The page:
A creature, half-dog, half-man, rides with a bird-masked woman and, tucked between them, an elegant, long-necked bird, all three straddling the image of a larger, laterally placed pigeon; these are balanced in turn atop the lower half of a human skull, teeth bared, which rests incongruously on the bird-winged, bare-breasted torso of a beautifully sketched female figure; and finally this curious stack of images is placed against the background of a page torn from an illustrated anatomy text. The skull is an element of the printed text itself. The rest is skillfully superimposed around it in pen and ink by the artist, Roberto Fabelo.

The title of this drawing is Cabalga más o menos en intima relación, which I take to mean, very roughly, “Rides more or less in intimate relationship.” I draw attention to it at the outset as a rather typical example of the collection of many other, similar drawings included in this exhibition. Close scrutiny of the surface ascertains that the title of each is borrowed from the background text, phrases that are underlined on the printed page and carefully repeated in the artist’s hand below the image, emphasizing the symbiotic relationship between image and text. But what are we to make of these strange clusters of image, whose intimate scale—at approximate 6 inches by 10—requires us to read them with the same close attention as the text itself? We note at once the mythical dimension: male and female figures endowed with animal characteristics are found in virtually every mythological system since the dawn of human history, and their meanings and associations vary widely according to different cultures. They are worshipped as gods or demigods, and vested with spiritual powers and magical skills. They reflect the qualities we humans attribute to our traveling companions in the animal world: the rapaciousness of birds, the faithfulness, tenacity and fierceness of the dog, and so on. Around such archetypal figures, we construct the stories that help us understand and manage the mystery of the world around us, as well as our human frailties and contradictions, and the predicaments that none of us are spared on our life’s journey. We are born into the world, we pass on our genes through the act of procreation, and inevitably the body sickens, ages, and dies. It is in our nature to struggle to understand why all this should be so, and our visionary artists and poets are those best qualified to provide us with the provisional answers we call works of art.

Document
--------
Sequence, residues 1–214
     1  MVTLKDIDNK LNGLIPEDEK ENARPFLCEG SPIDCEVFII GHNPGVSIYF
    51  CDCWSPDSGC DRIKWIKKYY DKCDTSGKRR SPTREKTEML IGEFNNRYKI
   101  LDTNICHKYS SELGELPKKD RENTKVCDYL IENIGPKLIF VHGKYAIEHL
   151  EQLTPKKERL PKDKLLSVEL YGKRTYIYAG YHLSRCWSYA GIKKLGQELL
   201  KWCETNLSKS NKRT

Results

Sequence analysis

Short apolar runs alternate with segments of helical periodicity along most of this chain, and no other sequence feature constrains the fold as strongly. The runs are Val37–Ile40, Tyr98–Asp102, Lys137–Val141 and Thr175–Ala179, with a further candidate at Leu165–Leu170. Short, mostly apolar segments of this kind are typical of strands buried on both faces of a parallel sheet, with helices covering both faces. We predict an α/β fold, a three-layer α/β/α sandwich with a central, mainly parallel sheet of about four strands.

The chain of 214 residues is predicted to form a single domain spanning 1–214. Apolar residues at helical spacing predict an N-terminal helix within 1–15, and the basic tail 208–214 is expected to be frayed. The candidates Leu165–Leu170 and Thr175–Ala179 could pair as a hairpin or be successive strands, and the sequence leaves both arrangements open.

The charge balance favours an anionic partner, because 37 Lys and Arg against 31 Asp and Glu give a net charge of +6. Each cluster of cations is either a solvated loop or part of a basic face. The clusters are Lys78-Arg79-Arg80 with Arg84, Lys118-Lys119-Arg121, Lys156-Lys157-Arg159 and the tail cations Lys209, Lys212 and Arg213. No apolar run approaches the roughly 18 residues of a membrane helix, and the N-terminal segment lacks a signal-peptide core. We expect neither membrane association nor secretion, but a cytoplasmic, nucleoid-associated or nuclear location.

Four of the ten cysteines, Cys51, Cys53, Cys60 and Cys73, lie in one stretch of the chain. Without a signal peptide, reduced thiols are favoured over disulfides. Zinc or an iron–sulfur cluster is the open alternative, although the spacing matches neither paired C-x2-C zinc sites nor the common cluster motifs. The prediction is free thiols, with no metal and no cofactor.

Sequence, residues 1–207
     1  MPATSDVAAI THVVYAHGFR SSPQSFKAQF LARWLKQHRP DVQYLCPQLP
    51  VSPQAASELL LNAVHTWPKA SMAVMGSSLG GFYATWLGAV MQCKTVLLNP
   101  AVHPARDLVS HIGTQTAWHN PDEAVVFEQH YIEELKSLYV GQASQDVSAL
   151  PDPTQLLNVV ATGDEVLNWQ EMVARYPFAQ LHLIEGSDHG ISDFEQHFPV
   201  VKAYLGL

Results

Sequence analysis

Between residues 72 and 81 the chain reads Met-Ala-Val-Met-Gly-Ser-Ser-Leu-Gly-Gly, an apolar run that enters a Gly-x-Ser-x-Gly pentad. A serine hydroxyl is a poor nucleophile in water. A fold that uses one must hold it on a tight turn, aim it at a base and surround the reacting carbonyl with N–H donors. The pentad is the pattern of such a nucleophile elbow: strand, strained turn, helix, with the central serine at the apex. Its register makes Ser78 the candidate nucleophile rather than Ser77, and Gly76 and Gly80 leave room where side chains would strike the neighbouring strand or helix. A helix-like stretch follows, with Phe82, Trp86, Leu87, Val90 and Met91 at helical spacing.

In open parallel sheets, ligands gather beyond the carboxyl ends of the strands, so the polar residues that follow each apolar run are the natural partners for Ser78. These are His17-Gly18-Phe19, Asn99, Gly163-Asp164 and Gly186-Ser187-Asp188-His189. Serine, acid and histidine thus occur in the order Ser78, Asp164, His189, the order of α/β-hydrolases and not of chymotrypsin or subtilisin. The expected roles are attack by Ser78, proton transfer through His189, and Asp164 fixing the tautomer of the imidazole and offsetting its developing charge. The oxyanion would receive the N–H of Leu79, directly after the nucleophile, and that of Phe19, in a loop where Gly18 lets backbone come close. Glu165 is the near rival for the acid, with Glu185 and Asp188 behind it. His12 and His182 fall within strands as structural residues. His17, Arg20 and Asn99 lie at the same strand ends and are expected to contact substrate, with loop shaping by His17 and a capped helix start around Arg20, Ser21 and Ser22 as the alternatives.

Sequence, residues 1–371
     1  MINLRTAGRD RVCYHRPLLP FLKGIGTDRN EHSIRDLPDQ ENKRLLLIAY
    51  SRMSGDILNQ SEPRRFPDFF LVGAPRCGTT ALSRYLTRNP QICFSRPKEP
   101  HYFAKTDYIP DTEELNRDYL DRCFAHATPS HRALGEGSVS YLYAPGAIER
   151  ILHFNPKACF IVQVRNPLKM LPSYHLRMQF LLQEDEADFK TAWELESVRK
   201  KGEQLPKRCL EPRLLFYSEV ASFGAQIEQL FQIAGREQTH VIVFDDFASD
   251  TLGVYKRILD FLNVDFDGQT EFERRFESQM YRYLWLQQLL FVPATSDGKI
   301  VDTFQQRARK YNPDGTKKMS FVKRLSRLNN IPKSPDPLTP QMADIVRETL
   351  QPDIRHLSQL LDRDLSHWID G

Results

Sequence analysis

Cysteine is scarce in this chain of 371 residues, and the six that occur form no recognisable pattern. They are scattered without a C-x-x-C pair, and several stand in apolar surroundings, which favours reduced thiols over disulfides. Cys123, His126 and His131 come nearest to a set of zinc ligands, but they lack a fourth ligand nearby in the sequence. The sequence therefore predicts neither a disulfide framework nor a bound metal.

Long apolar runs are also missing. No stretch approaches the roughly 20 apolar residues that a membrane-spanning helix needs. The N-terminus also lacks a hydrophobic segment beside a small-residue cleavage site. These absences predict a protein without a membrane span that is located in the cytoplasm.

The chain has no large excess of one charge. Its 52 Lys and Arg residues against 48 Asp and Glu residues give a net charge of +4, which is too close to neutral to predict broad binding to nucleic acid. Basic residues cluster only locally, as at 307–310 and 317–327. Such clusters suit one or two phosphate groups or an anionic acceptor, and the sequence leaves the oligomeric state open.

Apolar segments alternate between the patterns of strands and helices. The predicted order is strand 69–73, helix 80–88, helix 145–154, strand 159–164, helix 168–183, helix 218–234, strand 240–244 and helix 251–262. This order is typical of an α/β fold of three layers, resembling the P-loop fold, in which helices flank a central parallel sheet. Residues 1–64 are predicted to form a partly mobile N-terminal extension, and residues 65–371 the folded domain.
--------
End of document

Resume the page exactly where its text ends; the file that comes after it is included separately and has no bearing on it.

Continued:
We are taken by Fabelo’s images because they mine a rich lode of these associations, arcane and impenetrable though they might be. The artist works, as the poet does, through metaphor: an impossible, even inappropriate yoking of images that reason insists do not belong together—but in an association whose clarity, precision and truthfulness our mind nonetheless readily assents to. We “get it”, at a level below consciousness. Yet poetry, in Fabelo’s drawings, does not aim to obliterate science, but rather to appropriate it. They elaborate on both text and image from the scientific page, playfully riffing on each with the spate of images generated by the artist’s fertile imagination. Why anatomy? Because… well, Fabelo is clearly fascinated by the human body and its functions. Consider, in his larger works as well as in his drawings, the artist’s passionate, joyfully sensual, often comical embrace of the female form—his exuberant delight in the detail of generously depicted breasts and buttocks, the provocative, sometimes even pornographic poses. The feminine would seem to be Fabelo’s guiding principle, his primary inspiration. Women are everywhere in this work, proud, assertive—and conspicuously fleshy. They dominate. There is “La Sirena,” the mermaid, the natural/supernatural native denizen of the artist’s island home, Cuba. She reappears in multiple guises, often masked, sometimes caged and bound, usually lost in thought—but always bare-breasted and seductive, an overtly sexual being. Even so, the masculine principle is also not slow, as we might say, to raise its head: consider the intimate encounters with male genitalia that we find in many of the drawings; the clear sexual association of those “horny” rhinos that rampage in the thickets of a woman’s hair; or, more confrontationally—more humorously—the enormous phallus, appropriated from the anatomical text and comically touted by its delighted beneficiary who manages, all at once, to balance precariously on the ball (egg? globe?) that is his pedestal in Bolsas propiamente dichas.